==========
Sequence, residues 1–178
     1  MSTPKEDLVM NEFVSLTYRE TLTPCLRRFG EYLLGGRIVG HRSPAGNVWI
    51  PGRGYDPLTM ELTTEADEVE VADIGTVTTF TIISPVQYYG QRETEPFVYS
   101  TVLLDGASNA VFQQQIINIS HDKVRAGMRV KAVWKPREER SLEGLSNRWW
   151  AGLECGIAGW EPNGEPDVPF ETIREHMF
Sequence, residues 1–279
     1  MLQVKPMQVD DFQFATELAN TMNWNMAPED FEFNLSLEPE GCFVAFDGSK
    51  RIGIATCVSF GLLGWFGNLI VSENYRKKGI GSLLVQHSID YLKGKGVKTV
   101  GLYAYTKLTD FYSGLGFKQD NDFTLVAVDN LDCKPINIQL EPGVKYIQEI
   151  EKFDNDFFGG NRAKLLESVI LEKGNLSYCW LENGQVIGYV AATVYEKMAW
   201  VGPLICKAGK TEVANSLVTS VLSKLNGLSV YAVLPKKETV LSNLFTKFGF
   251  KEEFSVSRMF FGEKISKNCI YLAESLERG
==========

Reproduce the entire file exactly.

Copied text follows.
Sequence, residues 1–178
     1  MSTPKEDLVM NEFVSLTYRE TLTPCLRRFG EYLLGGRIVG HRSPAGNVWI
    51  PGRGYDPLTM ELTTEADEVE VADIGTVTTF TIISPVQYYG QRETEPFVYS
   101  TVLLDGASNA VFQQQIINIS HDKVRAGMRV KAVWKPREER SLEGLSNRWW
   151  AGLECGIAGW EPNGEPDVPF ETIREHMF
Sequence, residues 1–279
     1  MLQVKPMQVD DFQFATELAN TMNWNMAPED FEFNLSLEPE GCFVAFDGSK
    51  RIGIATCVSF GLLGWFGNLI VSENYRKKGI GSLLVQHSID YLKGKGVKTV
   101  GLYAYTKLTD FYSGLGFKQD NDFTLVAVDN LDCKPINIQL EPGVKYIQEI
   151  EKFDNDFFGG NRAKLLESVI LEKGNLSYCW LENGQVIGYV AATVYEKMAW
   201  VGPLICKAGK TEVANSLVTS VLSKLNGLSV YAVLPKKETV LSNLFTKFGF
   251  KEEFSVSRMF FGEKISKNCI YLAESLERG